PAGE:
E-2 Visas for Treaty Investors

E-2 investor visas are available to qualifying individuals who plan to invest substantial sums of money in a U.S business.  To qualify for an E-2 visa, an individual must be a national of a foreign country that has a commerce and navigation treaty in place with the U.S.

 

 

Below is some general information pertaining to the E-2 visa program.  If you would like to speak with an immigration lawyer regarding the requirements for filing an E-2 visa application, please feel free to contact us.  Edgecomb Law LLC has a nationwide immigration practice, which means that the firm works with immigration clients in the Boston area as well as throughout the United States and abroad.

 

Who qualifies for an E-2 visa?

 

To qualify for an E-2 visa, the prospective investor must: (1) be a national of a country with which the U.S. maintains a treaty of commerce and navigation; (2) have invested, or be actively in the process of investing, a substantial amount of capital in a bona fide enterprise in the United States; and (3) be seeking to enter the U.S. solely to develop and direct the investment enterprise.  The investor must show that she owns at least 50% of the enterprise or possesses operational control of the business through a managerial position or other mechanism.

 

Qualifying investments are defined as the placing of capital at risk in the commercial sense, for the purpose of generating a profit for the enterprise.  The capital must be subject to loss if the investment does not succeed.  Significantly, the investor is required to demonstrate that she did not obtain the funds through criminal activity and that they were obtained through legitimate means.

 

To constitute substantial capital for purposes of applying for an E-2 visa, an investment must be: (1) substantial in relationship to the total cost of either purchasing an established enterprise or establishing a new one; (2) sufficient to ensure the treaty investor’s financial commitment to the successful operation of the enterprise; and (3) of a magnitude to support the likelihood that the treaty investor will successfully develop and direct the enterprise.  The lower the cost of the enterprise, the higher, proportionately, the investment must be to be considered substantial.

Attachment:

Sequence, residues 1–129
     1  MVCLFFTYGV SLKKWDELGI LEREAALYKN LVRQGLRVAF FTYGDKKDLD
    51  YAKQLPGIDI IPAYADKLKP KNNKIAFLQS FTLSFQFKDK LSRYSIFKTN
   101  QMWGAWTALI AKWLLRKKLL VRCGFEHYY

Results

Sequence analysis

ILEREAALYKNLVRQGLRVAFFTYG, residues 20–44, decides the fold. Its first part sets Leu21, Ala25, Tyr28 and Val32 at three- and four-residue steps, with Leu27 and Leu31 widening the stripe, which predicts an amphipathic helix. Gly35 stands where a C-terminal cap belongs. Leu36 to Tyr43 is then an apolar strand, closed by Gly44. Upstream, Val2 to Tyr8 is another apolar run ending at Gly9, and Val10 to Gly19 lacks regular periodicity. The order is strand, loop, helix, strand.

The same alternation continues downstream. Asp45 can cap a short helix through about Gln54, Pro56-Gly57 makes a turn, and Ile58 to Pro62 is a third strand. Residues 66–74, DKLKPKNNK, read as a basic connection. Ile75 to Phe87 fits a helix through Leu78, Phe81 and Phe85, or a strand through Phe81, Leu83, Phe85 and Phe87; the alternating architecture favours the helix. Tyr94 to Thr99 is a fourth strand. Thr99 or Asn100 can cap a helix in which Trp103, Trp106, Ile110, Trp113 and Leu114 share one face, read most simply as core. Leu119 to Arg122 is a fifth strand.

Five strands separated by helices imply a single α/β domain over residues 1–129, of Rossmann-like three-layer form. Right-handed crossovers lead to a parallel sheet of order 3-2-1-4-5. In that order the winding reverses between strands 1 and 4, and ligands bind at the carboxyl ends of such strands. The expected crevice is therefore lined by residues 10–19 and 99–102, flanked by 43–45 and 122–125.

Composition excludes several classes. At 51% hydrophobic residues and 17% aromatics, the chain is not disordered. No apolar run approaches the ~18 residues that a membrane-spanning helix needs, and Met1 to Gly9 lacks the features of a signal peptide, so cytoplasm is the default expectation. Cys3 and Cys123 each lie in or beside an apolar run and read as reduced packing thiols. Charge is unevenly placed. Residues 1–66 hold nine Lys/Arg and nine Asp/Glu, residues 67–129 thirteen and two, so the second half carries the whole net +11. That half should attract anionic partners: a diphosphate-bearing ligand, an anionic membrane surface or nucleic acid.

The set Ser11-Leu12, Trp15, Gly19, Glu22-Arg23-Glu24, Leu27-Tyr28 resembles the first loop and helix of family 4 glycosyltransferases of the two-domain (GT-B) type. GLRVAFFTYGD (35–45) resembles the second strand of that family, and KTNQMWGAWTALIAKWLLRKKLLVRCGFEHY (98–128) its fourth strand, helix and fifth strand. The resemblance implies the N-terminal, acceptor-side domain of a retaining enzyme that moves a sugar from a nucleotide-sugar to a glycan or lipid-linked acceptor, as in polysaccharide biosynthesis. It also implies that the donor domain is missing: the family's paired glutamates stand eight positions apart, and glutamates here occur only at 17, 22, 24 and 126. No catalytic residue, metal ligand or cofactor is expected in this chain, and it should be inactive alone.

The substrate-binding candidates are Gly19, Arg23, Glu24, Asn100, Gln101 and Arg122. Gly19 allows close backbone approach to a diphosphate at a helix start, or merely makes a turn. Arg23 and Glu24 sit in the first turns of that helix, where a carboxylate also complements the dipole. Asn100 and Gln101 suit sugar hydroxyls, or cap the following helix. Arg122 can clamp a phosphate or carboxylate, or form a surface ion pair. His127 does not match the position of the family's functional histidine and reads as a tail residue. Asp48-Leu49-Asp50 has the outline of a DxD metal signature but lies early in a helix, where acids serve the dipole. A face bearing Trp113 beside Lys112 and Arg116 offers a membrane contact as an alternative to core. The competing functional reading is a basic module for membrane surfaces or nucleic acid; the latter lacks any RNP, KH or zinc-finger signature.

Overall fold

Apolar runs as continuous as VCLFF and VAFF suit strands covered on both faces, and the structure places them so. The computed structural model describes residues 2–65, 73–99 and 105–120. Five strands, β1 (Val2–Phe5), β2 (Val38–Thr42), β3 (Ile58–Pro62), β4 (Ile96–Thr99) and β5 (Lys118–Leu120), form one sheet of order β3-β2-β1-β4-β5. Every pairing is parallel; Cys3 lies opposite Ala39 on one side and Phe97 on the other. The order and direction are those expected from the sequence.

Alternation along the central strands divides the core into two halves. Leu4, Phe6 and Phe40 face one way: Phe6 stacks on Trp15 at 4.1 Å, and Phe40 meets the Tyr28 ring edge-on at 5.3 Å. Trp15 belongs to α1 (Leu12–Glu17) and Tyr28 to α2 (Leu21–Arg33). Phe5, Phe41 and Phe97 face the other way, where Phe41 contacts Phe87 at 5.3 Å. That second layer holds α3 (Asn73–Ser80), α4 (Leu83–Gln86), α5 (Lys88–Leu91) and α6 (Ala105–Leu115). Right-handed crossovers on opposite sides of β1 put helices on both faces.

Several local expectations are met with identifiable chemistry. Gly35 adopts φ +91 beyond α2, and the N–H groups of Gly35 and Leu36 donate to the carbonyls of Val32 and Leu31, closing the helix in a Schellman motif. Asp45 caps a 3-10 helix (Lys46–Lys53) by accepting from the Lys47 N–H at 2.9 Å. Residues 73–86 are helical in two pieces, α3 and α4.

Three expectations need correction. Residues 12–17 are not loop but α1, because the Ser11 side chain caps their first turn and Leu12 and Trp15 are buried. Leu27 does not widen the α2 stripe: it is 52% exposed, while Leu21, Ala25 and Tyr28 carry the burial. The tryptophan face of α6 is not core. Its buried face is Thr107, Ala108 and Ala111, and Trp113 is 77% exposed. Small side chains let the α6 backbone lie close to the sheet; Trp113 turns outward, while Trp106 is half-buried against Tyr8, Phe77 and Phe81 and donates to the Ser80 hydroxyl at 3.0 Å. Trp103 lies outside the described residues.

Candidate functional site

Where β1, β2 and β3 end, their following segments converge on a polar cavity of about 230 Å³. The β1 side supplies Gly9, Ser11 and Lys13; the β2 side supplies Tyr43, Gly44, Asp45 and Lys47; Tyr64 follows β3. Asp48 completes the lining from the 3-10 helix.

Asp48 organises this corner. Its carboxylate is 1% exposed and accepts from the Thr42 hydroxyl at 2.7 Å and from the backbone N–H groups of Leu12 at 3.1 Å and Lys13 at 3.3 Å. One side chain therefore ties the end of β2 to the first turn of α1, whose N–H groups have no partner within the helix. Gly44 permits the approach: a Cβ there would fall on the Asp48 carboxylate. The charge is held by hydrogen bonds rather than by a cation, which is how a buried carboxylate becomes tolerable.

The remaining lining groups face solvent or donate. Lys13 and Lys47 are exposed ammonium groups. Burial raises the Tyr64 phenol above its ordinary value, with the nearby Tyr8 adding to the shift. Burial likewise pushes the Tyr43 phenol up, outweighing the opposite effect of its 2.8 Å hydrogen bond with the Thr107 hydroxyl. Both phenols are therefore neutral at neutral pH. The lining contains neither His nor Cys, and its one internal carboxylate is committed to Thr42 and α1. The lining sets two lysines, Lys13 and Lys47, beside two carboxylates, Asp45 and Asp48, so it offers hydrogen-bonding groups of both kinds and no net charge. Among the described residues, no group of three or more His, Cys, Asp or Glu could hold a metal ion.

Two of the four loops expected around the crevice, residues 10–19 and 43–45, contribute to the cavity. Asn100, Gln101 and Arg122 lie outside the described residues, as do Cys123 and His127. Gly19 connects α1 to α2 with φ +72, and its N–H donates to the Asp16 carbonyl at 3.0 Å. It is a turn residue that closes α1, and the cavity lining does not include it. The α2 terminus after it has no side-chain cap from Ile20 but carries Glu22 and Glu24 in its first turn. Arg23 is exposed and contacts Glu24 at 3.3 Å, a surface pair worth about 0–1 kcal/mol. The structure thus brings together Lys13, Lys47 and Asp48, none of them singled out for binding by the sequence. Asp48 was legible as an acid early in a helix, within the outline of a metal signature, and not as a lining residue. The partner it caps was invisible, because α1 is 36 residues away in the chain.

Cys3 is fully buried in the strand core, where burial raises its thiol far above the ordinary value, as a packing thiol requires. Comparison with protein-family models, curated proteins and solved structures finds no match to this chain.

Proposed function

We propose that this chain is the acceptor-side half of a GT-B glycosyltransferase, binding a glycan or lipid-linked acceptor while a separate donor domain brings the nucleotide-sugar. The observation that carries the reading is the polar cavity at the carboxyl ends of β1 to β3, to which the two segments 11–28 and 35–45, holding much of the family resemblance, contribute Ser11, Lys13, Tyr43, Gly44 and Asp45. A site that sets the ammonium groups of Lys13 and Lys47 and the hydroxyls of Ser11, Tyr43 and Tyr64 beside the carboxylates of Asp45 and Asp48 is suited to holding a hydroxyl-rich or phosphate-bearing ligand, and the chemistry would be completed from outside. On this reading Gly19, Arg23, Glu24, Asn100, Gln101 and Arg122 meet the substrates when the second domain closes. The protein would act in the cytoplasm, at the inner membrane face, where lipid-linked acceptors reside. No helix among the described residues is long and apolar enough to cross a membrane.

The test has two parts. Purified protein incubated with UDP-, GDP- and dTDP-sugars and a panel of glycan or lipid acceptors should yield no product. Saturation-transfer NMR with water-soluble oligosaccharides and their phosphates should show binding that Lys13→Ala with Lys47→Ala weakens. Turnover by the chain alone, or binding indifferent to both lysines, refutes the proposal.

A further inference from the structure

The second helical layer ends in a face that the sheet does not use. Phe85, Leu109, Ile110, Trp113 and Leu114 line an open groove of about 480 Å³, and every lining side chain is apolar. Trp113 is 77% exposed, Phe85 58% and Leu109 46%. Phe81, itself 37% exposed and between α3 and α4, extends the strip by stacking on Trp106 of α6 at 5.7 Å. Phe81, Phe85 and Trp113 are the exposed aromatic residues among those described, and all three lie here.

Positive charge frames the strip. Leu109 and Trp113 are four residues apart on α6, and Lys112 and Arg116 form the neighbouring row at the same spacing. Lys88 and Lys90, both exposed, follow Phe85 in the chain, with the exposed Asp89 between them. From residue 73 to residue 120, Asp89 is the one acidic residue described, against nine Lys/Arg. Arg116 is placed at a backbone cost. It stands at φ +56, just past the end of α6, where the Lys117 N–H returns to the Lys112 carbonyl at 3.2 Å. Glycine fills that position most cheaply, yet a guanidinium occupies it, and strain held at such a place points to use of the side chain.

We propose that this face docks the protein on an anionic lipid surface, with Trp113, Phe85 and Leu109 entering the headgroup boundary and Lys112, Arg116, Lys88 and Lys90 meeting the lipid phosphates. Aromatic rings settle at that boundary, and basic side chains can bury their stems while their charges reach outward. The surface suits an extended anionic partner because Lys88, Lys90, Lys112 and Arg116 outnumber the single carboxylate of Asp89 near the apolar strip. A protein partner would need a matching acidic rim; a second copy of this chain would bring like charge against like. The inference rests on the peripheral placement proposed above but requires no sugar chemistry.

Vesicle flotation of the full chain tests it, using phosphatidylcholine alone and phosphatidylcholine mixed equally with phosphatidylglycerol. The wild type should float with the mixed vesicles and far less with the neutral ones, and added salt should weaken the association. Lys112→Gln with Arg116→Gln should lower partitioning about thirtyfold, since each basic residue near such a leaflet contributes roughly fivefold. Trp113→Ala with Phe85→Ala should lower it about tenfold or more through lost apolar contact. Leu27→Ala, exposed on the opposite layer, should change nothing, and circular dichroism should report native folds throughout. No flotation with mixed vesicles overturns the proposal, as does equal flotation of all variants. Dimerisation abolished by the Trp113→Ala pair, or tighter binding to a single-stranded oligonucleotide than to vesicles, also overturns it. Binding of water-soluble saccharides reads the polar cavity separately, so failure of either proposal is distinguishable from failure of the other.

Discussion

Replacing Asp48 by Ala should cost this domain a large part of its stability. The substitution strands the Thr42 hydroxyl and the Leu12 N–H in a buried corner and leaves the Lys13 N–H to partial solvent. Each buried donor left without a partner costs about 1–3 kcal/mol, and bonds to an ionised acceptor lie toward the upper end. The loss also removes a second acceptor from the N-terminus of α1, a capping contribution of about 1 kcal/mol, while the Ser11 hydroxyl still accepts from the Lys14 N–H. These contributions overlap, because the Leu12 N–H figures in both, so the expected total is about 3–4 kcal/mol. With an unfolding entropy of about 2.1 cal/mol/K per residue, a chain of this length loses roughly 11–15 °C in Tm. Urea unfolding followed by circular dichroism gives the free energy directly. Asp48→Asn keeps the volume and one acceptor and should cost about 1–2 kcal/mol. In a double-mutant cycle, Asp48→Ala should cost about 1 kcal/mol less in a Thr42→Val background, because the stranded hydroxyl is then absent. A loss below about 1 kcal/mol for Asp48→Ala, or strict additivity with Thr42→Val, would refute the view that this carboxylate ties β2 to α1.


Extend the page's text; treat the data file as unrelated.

A bona fide enterprise refers to a real, active and operating commercial or entrepreneurial undertaking which produces services or goods for profit.  The enterprise must meet applicable legal requirements for doing business within its jurisdiction.  It must also have the capacity to generate more income than what would be sufficient to support the investor and her family.  In other words, within a few years it is expected that the enterprise have the capacity to support additional workers.

 

E-2 Visa Duration

 

E-2 status may be valid for an initial period of up to two years, with extensions available in increments up to two years.  There is no limit on the number of extensions available to E-2 visa-holders.  However, individuals holding E-2 visas must maintain an intention to leave the US when their visa status expires.

 

Spouses and Children

 

E-2 workers are permitted to bring their spouses and unmarried children under the age of 21 to the US to live with them.  Spouses and children of E-2 workers are generally permitted to seek work authorization in the US.

 

E-2 Visas for Entrepreneurs

Startup founders and other entrepreneurs may qualify for E-2 visas under some circumstances.  For more information, along with other options available to entrepreneurs in need of immigration solutions, please check out our page on Immigration for Entrepreneurs.

ATTORNEY ADVERTISING. MATERIAL PUBLICITARIO DE ESTUDIO JURIDICO. This web site is designed for general information only. The information presented at this site should not be construed to be formal legal advice nor the formation of a lawyer/client relationship. Prior results do not guarantee a similar outcome.​ Attorney Sarah C. Edgecomb is admitted to practice in New York. Edgecomb Law LLC's practice is strictly admitted to federal immigration and tax law.

© 2013 by Edgecomb Law LLC.​

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